The obituary of John Barkley Shapbell, which ran in the March 26 edition of The Post, misspelled the name of his sister, Josephine E. Dresher. (Published 04/19/96)

Roderic H. Davison, 79, a past president of both the Middle East Studies Association and the Turkish Studies Association who taught history at George Washington University for more than 40 years, died of a respiratory ailment March 23 at Sibley Memorial Hospital. He lived in Washington.

Mr. Davison began his teaching career at George Washington in 1947. He became a full professor of history in 1954 and retired from the full-time faculty in 1986. He continued to teach at the university until 1993.

He taught courses on Near Eastern and European diplomatic history and on the Ottoman Empire. He served as treasurer of the American Historical Association and on the board of the Middle East Institute. He also lectured at Princeton, Harvard and Johns Hopkins universities as well as the Foreign Service Institute.

Mr. Davison was born in Buffalo and grew up in Istanbul, where his father served on the faculty of what was then Robert College. Mr. Davison was a 1937 graduate of Princeton University, and he received master's and doctoral degrees in history at Harvard University. He also was the recipient of a 1994 honorary doctorate in humane letters from George Washington.

He was the author of three books, including a short history of Turkey. He contributed to a dozen other books and wrote more than 50 technical articles. He also contributed articles and book reviews to such publications as The Washington Post.

When the United States entered World War II, he was doing refugee work with the American Friends Service Committee in France and was interned for a year by the Germans. He was a conscientious objector during World War II and performed alternate service.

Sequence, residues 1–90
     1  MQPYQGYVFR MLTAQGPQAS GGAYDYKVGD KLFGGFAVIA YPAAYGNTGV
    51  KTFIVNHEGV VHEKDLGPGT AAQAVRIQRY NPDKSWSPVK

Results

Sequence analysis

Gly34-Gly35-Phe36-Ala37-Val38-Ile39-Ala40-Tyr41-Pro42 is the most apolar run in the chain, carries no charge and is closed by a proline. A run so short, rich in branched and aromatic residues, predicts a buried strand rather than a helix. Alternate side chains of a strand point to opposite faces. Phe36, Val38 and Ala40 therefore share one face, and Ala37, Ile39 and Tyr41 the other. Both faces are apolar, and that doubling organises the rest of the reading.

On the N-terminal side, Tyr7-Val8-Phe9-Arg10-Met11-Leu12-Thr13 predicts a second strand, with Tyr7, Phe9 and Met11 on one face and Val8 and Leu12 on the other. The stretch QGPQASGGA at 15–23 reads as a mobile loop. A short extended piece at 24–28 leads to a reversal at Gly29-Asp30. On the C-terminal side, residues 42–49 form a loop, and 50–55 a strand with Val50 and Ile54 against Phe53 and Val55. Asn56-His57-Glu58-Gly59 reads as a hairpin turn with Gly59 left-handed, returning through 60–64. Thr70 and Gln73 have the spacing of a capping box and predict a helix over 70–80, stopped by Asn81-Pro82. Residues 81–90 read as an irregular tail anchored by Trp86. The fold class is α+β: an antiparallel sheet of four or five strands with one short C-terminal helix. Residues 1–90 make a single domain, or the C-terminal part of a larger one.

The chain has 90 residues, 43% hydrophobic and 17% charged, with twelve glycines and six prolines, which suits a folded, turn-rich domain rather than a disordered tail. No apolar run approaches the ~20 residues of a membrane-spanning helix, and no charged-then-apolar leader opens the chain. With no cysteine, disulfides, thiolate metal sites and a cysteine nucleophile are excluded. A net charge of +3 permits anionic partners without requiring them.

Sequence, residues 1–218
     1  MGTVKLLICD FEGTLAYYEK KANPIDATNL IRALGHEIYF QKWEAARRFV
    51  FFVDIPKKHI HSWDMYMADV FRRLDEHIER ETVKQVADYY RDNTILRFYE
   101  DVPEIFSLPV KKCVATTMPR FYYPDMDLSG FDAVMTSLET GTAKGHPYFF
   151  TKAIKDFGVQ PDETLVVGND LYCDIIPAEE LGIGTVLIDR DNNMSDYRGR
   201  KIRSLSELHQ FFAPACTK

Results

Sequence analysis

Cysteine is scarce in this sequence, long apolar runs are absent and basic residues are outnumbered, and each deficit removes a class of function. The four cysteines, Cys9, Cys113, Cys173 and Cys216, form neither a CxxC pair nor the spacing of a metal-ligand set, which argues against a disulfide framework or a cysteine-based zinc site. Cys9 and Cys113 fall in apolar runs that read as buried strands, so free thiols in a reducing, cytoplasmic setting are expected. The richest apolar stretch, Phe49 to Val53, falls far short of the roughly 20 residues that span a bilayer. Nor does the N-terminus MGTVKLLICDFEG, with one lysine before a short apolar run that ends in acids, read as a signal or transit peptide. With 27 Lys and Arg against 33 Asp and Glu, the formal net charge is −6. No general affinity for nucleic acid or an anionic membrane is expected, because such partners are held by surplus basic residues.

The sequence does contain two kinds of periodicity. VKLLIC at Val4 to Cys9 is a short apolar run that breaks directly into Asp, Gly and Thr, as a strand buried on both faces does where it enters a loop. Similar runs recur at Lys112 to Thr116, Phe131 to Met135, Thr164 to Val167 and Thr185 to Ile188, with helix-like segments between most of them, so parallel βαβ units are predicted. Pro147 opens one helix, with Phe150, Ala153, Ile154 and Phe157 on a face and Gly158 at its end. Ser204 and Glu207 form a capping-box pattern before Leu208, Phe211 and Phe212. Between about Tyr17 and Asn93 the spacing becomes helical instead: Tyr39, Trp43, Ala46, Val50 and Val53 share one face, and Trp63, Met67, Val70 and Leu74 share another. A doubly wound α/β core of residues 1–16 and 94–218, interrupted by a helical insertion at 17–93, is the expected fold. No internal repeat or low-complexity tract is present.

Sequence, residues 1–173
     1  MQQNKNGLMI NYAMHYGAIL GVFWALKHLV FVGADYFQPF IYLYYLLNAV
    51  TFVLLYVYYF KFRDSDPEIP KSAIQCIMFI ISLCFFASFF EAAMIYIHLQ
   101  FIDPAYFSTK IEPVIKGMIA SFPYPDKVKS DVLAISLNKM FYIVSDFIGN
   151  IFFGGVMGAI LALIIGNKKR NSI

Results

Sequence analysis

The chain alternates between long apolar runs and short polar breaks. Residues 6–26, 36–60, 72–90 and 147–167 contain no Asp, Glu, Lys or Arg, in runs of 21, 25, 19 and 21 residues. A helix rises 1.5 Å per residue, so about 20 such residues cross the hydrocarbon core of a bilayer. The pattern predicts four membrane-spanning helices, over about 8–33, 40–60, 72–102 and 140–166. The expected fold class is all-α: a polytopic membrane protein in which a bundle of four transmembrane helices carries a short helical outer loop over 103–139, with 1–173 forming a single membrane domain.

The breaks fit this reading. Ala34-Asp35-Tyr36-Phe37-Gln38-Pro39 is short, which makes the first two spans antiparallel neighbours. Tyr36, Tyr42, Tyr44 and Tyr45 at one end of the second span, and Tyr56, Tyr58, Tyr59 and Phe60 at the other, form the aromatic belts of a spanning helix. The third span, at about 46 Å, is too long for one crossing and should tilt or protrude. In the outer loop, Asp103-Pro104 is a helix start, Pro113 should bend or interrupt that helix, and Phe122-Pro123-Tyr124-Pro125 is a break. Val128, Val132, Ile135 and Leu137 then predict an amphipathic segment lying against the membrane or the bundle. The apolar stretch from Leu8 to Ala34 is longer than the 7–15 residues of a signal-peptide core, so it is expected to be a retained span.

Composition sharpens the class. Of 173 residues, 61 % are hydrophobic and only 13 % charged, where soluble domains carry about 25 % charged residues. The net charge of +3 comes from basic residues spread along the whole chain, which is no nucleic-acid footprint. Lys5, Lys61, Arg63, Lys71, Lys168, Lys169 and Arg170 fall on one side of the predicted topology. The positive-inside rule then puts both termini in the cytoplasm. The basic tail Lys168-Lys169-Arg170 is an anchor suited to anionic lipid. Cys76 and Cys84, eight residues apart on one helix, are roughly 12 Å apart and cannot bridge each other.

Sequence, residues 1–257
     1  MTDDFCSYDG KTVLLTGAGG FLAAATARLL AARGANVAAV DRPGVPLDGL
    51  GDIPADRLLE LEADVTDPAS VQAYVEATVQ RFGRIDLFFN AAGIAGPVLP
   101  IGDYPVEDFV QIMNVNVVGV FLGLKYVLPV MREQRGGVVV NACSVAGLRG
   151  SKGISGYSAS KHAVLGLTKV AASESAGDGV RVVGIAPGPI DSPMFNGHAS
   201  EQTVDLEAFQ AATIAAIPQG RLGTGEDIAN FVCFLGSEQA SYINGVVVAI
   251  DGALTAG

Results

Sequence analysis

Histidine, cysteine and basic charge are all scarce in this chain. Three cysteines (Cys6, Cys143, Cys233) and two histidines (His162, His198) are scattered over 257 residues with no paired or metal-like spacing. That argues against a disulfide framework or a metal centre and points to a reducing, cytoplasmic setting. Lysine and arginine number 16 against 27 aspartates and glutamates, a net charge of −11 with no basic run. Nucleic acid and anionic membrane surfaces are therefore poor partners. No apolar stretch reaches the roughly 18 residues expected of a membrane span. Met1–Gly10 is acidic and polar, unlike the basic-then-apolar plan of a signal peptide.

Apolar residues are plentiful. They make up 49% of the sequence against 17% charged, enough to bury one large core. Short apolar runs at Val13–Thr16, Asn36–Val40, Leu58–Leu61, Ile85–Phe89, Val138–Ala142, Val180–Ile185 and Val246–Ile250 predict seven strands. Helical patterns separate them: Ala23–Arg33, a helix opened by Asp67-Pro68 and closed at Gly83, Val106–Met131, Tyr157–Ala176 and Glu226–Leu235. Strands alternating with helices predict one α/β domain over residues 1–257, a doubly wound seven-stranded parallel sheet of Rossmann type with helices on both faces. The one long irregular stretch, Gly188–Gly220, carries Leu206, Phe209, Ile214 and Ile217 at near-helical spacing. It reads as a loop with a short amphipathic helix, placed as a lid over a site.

He was a member of the Washington Friends Meeting and a volunteer with its Alzheimer's Club, where he led singing and played the accordion each week. He was known to augment his university lectures with snatches of song and poetry.

His wife of 42 years, Louise Dickey Davison, died in 1991. Survivors include two sons, R. John Davison of Newtown, Pa., and Richard H. Davison of Vienna; two brothers, W. Phillips Davison of Washington, and John H. Davison of Haverford, Pa.; and two grandchildren.


Social Worker

Harvey A. Taschman, 72, a retired National Institutes of Mental Health social worker, died March 25 at home in Bethesda. He had a heart ailment.

Mr. Taschman was born in New York and graduated from the University of Wisconsin. He received a doctorate in social work at the University of Pittsburgh.

During World War II, he served in the Navy.

During the 1950s, he worked for five years in Burlington, N.C., where he founded a mental health clinic and the Burlington Mental Health Association.